The Noose - Wojciech Jerzy Has
Pętla / The Noose is a feature film by Wojciech Jerzy Has, completed in 1957 and based on a short story by Marek Hłasko.
Kubuś (played by Gustaw Holoubek) has just decided to change his life. There will be no more drinking from now on. If he manages not to reach for the bottle in next few hours, everything will work out somehow. About 6 o’clock, his beloved will return home, and together they will go to the clinic. The Antabus tablets will eliminate his alcohol cravings. The happy ending of fighting the addiction is ten hours away – the longest ten hours of his life. The situation gets more difficult as the phone starts ringing from the early morning. One by one, his friends congratulate Kuba on his new resolution, bringing him to the brink of frustration.
Wojciech Jerzy Has's feature debut, which he co-wrote with Marek Hłasko, was interpreted as a poignant study of alcoholism and human fall at the time of its premiere. Krzysztof Teodor Toeplitz commented:
Clearly, the authors’ point was to tire out the viewer. To make the viewer tired of the nightmarish experience of alcoholics, tired of the constant thought of a shot of vodka...
In fact, the Noose was more than just a story about a day in the life of an alcoholic. To Has, the story by Hłasko was a starting point for an account of the loneliness of a man facing his own weakness. Has led his character through the subsequent levels of a drunken hell. What used to be a familiar space suddenly appears as a sinister, haunting maze. The ringing phone forces Kuba out of the apartment and a walk through the city turns out to be a nuisance – friends he runs across remind him his alcoholic excesses, the buildings he passes are silent witnesses to his humiliation, and the accident caused by a drunk driver seems to him an accusation thrown at his addiction by the world.
Has’ character navigates this space like a prisoner locked in a tiny cell of his own weakness. The only escape from it is a dream to break the habit. But Has deprives his character of hope, and shows that the tragic end is inevitable, there is no escape from innate demons. As Kuba says in one of the scenes:
I dreamed that I was a boozer – that my name was Smith, and that there was a phone in my house – you understand it. I dreamed that I wanted to forget about drunkenness, get away from the people I drank with, from the pubs, from the memories. It so happens sometimes in a dream – true, but in a dream you cannot run away from anything.
Broniewski – man from the Noose
The story of an alcoholic whose over-zealous friends make it difficult for him to quit drinking was drawn by Hłasko and Has from life, and the prototype of the main character was Władysław Broniewski, a poet, a communist, an alcoholic and a friend of Marek Hłasko. In Beautiful Twentysomethings Hłasko wrote about that day:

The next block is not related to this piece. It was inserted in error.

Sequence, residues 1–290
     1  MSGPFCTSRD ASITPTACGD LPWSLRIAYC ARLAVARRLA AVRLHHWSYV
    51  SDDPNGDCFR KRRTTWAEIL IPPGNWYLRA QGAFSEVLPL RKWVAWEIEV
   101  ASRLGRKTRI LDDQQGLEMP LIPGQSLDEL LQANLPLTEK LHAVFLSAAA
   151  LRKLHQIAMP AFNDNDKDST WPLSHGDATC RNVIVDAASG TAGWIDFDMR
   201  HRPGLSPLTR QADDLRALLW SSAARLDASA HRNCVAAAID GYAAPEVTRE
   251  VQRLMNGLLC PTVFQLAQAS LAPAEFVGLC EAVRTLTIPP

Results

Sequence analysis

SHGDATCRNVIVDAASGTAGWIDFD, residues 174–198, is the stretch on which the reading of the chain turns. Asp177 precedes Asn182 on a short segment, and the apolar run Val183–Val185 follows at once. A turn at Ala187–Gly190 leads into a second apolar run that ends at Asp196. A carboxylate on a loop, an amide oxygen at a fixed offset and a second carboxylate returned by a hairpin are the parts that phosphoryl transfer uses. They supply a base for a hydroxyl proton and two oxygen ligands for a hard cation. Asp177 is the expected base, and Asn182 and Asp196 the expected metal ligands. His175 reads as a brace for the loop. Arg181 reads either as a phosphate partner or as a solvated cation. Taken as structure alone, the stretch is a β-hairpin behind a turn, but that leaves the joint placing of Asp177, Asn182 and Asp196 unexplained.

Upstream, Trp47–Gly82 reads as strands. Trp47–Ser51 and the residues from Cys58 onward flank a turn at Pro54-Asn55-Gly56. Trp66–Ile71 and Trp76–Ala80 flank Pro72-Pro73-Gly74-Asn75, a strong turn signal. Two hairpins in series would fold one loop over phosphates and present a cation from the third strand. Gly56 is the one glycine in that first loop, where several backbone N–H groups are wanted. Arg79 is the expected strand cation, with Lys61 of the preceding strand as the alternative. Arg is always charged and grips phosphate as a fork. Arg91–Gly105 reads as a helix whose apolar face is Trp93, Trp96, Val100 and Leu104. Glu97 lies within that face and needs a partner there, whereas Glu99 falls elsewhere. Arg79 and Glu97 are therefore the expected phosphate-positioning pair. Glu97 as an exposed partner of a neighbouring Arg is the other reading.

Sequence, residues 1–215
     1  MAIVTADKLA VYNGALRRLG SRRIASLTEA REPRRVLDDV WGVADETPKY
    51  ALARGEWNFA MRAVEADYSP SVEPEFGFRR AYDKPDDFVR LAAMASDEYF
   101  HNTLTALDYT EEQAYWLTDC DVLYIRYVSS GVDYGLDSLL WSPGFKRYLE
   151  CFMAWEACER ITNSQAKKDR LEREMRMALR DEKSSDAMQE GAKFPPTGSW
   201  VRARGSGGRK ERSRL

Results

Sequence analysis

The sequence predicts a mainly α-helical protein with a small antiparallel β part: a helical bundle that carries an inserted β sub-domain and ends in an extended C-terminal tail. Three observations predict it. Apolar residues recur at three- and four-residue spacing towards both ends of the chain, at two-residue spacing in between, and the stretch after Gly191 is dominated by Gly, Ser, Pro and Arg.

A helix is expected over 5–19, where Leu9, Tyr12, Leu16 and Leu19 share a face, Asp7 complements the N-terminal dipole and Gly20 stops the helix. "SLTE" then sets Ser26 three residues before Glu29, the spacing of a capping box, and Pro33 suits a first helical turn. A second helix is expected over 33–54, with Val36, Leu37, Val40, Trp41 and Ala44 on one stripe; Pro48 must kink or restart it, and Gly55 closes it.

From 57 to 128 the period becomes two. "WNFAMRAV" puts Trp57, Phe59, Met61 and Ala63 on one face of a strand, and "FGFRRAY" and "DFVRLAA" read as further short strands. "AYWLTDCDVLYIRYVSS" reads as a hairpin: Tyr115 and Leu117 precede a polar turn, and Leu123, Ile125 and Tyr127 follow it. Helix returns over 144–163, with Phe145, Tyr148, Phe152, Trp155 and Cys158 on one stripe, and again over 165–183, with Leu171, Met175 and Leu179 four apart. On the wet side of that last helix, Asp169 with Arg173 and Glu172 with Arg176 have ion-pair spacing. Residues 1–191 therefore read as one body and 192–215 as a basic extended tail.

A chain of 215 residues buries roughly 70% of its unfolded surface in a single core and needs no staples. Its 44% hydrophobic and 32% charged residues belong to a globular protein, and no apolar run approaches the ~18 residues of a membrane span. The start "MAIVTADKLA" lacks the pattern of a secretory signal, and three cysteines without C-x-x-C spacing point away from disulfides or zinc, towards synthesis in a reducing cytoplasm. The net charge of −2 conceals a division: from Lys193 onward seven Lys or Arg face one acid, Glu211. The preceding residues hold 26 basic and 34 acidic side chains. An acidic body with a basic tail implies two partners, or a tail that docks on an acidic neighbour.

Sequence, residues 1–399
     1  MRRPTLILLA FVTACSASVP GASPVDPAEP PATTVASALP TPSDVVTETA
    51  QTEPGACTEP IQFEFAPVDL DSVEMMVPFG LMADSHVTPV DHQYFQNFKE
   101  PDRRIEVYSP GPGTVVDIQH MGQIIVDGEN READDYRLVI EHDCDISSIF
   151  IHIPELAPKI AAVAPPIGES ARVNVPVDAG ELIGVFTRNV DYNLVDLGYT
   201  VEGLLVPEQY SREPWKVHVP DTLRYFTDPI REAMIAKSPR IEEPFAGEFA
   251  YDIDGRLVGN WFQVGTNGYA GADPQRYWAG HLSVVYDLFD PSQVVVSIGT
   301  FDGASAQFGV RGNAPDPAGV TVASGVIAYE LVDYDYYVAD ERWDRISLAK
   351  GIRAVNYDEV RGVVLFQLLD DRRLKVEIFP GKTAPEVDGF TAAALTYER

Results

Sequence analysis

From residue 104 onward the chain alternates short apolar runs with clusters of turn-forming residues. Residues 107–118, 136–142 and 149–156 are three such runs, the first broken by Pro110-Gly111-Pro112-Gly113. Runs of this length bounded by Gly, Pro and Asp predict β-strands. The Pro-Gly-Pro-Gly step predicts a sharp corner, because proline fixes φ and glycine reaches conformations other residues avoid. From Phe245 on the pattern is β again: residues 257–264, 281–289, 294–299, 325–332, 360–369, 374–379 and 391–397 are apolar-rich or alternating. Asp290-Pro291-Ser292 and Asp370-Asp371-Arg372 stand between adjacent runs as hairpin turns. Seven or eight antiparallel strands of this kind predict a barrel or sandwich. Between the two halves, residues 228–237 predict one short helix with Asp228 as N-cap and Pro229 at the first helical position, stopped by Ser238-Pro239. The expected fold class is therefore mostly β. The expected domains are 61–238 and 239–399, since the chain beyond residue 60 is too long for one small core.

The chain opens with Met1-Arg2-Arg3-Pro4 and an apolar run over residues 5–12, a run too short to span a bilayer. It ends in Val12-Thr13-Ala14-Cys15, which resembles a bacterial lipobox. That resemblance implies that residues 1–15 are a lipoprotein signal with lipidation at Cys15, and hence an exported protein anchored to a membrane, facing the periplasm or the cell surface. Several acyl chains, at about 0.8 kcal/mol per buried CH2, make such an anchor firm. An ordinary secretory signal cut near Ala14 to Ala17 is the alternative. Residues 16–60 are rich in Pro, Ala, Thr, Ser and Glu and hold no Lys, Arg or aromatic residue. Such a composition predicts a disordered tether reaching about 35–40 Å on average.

One day, Broniewski stopped drinking and started writing new poems, and it even went well. After about an hour, someone called him and asked him how he was doing, Broniewski said he got to work, and that he hoped to work hard for another month or two. To his misfortune he mentioned he didn’t drink; his interlocutor congratulated him and the conversation was over; Broniewski carried on writing. After fifteen minutes the phone rang again; someone else who had spoken with the previous caller and had learned that Broniewski had decided not to drink congratulated him and asked him to persevere in abstinence; Broniewski thanked him and went back to work. After ten minutes the phone rang again; a word of warning again and an expression of gratitude from Broniewski. The eighth phone call was from comrade Jakub; a pale and trembling Broniewski came to my place and said: Go get vodka!
To Has and Hłasko, Broniewski’s story became the starting point for an account of the impossibility of liberation from the pressures of others and from personal weakness. Their Noose was a story about a man, existentially bankrupt, who reconciles with his condition, gradually abandoning hope of rescue. Has’ character is doomed; the titular noose tightens every minute. The director repeatedly shows a visual motif of a noose as a prediction of the tragic fate of the character. The loop is formed by a phone cord, a saxophone strap worn around the neck of a drunk friend, a girl’s jump rope and the belt of a man who gets arrested by the police officer.
Cinema as time
To Has, the Noose was a story about the inevitable. About the fate befalling a man doomed to failure and conscious of his circumstances. It was also a film in which, for the first time, the author of the Doll formulated his style. In the Noose, the director reached for the visual motifs that years later were to become a hallmark of his films. The interior of Kuba’s apartment, as well as the décor of the pub, in which he spends the day, resemble the symbolically cluttered space of the Hourglass Sanatorium. As in his later films, Has also speaks of time – slipping through one's fingers and relentlessly approximating the inevitable.
Noose was the first film based on Marek Hłasko’s prose. In following years, other productions inspired by his novels and short stories appeared in cinemas: The Eighth Day of the Week by Aleksander Ford, Spotkania /Encounters by Stanisław Lenartowicz and Baza ludzi umarłych (The Base of the Dead People) by Czesław Petelski.Culture.pl